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July 06, 2022

July Fourth shooter was 'quite a distance away' from Ben Franklin Parkway, Philly police say

Two officers suffered graze wounds moments before the city's fireworks celebration began. Identifying the person responsible will be challenging, investigators say

Investigations Shootings
Philly Parkway Shooting Police City of Philadelphia/Facebook

Philadelphia Police Chief Inspector Frank Vanore says the person who shot two officers during the city's Fourth of July fireworks celebration likely was far away from the Benjamin Franklin Parkway. No arrests have been made.

The gunshots that injured two police officers during Philadelphia's Fourth of July celebration appear to have been fired from above and "quite a distance away" from the Benjamin Franklin Parkway, police said Wednesday. 

Investigators are still attempting to piece together evidence that will help find the shooter. Both of the 40-caliber bullets that struck the officers came from the same weapon, investigators said. The two rounds collected appeared to be in "pristine" condition. No other bullets have been found at this time. 

Identifying the shooter is expected to be an especially difficult task given the long range of the gunshots, Chief Inspector Frank Vanore said.

"Because the bullets were moving so slow and didn't have much momentum left – a 40-caliber round can travel unimpeded ... over 2,200 yards," Vanore said. "Then it's going to stop and come down based on what other variables there are – wind and weather and anything else that's going on. It's going to also depend on the way the person ... fired it."

The shooting happened at 9:47 p.m. Monday, just as the Welcome America fireworks were beginning. A group of police officers were moving into position to form a line separating pedestrians from the Philadelphia Museum of Art. Police stood along the 2500 block of Spring Garden Street, near where the Spring Garden Bridge crosses the Schuylkill River.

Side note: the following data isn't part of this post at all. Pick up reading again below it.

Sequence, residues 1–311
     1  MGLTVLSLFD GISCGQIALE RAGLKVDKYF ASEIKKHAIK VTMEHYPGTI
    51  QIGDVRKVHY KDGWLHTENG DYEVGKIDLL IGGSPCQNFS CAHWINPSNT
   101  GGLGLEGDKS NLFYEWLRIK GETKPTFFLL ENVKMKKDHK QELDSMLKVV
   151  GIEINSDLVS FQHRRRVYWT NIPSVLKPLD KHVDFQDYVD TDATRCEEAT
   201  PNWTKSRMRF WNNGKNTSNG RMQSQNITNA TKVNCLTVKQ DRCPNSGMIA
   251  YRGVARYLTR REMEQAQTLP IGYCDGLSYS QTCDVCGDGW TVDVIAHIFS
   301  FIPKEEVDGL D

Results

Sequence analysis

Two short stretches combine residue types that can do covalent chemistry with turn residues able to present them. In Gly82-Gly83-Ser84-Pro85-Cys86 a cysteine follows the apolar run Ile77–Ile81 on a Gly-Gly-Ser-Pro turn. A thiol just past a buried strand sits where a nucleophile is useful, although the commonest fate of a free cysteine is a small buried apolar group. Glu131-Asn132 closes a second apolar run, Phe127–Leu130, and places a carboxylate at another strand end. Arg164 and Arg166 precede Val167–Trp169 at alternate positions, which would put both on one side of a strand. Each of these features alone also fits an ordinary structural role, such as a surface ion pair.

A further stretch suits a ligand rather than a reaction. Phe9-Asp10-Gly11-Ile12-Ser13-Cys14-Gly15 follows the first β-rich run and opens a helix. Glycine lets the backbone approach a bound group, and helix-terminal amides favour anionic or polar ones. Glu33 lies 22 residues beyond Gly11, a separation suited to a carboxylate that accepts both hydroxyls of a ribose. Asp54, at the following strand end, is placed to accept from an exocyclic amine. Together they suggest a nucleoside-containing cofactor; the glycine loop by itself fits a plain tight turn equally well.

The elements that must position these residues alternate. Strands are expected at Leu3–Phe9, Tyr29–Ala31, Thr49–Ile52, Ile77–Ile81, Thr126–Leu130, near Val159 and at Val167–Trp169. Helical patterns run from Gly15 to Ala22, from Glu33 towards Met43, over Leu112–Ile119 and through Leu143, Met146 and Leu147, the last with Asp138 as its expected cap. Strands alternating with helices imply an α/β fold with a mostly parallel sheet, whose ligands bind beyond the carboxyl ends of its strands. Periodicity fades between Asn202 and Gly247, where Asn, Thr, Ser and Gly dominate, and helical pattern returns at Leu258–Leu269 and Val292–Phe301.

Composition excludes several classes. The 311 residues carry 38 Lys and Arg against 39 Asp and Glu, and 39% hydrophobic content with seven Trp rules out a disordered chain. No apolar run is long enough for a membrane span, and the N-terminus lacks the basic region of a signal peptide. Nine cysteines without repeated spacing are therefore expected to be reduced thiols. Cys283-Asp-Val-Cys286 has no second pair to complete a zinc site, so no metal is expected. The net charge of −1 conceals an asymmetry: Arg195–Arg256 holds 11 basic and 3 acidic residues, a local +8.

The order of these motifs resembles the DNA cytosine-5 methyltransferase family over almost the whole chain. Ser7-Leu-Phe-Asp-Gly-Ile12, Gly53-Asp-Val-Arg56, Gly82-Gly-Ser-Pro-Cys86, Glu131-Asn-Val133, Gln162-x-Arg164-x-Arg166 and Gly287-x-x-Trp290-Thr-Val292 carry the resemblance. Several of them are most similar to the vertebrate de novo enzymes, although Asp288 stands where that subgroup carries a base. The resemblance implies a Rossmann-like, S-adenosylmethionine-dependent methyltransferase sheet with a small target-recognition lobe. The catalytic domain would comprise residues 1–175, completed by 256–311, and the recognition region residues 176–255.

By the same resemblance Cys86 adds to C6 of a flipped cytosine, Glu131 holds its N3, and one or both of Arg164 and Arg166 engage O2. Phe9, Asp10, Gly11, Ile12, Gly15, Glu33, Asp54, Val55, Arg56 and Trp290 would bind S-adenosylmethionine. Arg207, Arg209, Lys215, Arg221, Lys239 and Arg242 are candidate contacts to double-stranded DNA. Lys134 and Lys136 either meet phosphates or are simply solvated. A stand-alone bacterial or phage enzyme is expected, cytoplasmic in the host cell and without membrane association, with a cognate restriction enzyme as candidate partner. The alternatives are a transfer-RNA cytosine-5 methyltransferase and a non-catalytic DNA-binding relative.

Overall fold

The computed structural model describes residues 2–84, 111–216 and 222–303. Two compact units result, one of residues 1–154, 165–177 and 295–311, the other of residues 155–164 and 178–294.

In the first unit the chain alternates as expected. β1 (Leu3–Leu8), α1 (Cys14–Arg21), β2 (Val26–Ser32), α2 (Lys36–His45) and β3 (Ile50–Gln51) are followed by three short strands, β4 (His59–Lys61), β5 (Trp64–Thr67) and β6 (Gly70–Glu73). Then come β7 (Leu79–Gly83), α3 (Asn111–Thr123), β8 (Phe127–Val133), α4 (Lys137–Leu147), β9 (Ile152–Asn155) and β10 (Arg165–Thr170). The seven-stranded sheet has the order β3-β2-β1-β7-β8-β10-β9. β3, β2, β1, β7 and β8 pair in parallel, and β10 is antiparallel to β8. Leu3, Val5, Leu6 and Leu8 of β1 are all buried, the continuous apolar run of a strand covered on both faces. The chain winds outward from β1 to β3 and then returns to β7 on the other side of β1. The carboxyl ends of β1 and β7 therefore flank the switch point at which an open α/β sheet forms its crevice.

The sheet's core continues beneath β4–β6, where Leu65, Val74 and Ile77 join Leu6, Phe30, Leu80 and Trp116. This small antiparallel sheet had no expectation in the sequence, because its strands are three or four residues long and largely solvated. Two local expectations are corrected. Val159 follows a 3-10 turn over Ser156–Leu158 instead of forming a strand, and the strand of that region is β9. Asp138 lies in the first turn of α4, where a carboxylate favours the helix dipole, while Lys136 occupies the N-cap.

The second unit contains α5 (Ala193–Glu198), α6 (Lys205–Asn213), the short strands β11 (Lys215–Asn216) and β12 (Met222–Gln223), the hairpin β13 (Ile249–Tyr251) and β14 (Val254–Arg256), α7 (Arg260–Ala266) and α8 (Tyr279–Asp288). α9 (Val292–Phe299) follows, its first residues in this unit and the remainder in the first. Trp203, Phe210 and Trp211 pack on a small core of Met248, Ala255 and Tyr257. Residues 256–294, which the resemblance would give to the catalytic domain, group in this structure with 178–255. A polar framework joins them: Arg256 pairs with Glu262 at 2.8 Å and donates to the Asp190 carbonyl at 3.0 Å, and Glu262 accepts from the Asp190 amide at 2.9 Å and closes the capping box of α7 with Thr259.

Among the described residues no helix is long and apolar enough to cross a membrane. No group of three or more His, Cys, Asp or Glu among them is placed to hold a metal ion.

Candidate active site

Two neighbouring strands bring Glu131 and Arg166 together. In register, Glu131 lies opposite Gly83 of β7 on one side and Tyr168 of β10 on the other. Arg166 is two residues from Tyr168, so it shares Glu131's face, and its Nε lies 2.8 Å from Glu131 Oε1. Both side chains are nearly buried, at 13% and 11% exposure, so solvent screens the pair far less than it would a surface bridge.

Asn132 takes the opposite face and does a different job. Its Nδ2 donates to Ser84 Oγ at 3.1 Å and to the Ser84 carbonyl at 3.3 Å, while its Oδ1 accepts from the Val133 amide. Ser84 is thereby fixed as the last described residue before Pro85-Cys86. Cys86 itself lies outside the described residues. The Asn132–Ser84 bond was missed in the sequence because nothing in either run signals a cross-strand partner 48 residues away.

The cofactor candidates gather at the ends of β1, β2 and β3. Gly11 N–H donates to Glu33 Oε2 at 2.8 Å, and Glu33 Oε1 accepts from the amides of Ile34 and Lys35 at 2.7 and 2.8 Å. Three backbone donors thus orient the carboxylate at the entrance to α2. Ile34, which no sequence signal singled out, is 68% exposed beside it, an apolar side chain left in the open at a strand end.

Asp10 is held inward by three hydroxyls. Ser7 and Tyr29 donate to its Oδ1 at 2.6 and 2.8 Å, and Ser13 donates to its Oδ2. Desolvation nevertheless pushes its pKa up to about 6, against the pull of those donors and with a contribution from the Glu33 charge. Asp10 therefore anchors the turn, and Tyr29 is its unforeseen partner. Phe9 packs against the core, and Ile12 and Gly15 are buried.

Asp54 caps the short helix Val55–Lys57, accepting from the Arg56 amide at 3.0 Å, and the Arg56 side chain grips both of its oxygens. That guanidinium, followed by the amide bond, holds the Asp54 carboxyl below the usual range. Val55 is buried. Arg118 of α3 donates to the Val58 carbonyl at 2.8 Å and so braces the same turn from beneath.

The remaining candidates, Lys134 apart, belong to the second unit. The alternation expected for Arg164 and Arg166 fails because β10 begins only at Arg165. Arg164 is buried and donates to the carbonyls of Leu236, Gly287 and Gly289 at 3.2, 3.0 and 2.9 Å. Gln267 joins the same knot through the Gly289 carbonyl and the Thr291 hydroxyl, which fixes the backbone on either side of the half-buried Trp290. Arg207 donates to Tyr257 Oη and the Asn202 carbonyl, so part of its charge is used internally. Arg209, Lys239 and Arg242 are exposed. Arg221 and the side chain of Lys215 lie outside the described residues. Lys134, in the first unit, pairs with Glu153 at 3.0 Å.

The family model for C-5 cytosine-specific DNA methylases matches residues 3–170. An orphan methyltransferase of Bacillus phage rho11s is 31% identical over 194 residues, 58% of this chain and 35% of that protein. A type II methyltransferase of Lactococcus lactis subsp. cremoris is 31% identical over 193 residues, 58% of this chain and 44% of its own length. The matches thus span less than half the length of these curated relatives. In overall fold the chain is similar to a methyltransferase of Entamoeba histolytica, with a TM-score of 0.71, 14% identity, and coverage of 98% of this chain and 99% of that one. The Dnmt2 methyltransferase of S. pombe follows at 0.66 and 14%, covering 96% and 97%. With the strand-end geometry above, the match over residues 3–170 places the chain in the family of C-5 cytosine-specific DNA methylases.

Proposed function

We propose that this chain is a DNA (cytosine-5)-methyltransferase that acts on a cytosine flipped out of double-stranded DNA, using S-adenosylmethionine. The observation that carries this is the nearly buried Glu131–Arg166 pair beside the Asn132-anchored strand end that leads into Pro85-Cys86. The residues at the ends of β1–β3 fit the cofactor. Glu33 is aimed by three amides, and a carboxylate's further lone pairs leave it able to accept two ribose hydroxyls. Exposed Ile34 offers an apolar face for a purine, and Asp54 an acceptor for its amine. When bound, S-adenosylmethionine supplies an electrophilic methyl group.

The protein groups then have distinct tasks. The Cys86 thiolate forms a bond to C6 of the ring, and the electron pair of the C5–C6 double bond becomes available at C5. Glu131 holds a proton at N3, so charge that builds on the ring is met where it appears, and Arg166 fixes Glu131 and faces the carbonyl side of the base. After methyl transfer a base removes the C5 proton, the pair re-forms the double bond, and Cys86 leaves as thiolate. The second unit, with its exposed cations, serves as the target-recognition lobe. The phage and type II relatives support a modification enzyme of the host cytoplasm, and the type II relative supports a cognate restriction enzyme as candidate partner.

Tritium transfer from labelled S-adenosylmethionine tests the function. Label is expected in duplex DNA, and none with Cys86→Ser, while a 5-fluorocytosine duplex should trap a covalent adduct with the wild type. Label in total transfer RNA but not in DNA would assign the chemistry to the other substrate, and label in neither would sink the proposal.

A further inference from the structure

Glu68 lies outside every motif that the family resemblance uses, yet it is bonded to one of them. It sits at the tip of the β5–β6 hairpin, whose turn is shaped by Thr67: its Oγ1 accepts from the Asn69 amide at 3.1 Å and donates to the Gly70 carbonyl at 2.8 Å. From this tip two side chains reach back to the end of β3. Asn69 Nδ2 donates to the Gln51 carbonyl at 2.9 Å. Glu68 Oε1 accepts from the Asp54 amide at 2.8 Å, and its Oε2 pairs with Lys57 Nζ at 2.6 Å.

Sergio Diggs, a Philadelphia police officer, and John Foster, a Montgomery County Sheriff's Office deputy, suffered graze wounds. They were working security near the south side of the art museum steps.

There were no gunshots heard at the scene, investigators said.

"We have no video evidence that there's muzzle flash or anything from that area," Vanore said.

Diggs, 36, had just thrown out some trash and was walking back to the police line when he was shot. He felt the bullet strike the top of this head and then noticed he was bleeding, Vanore said. Foster, 44, was about 20 feet away from Diggs when he was struck in the shoulder and then saw he was bleeding, too. 

The police response to the officers being shot caused more than 1,000 people to flee from the parkway as the fireworks began. Three people suffered minor injuries in that chaos, police said.

Diggs, a 13-year veteran and member of the Philadelphia police's highway patrol unit, and Foster, a member of the Montgomery County bomb squad, were taken to Thomas Jefferson University Hospital. The two men have since been released and are recovering at home.

Vanore displayed the police cap Diggs had been wearing Monday night, showing a hole in the top of the hat. He emphasized how challenging it will be to trace the bullets to a shooter based on current evidence.

"(The shooter) could have been anywhere," Vanore said, adding that some detectives have speculated that the shots could have come from as far away as the Schuylkill Expressway or beyond.

Vanore addressed suggestions from some officials that the gunshots may have been "celebratory" in nature.

"I would be speculating, but like I explained, if you're over a mile away and you're aiming for the officers, that would be almost impossible – because they shot into the air and it's falling down in the wind. It doesn't work that way," Vanore said. "I mean, I fire a gun (and) it's hard enough to hit a target when I was trained to do it, so you're going to fire over a mile and have it come down in an area to hit two police officers. That would be hard, but right now, that's based on the evidence and the interviews we have."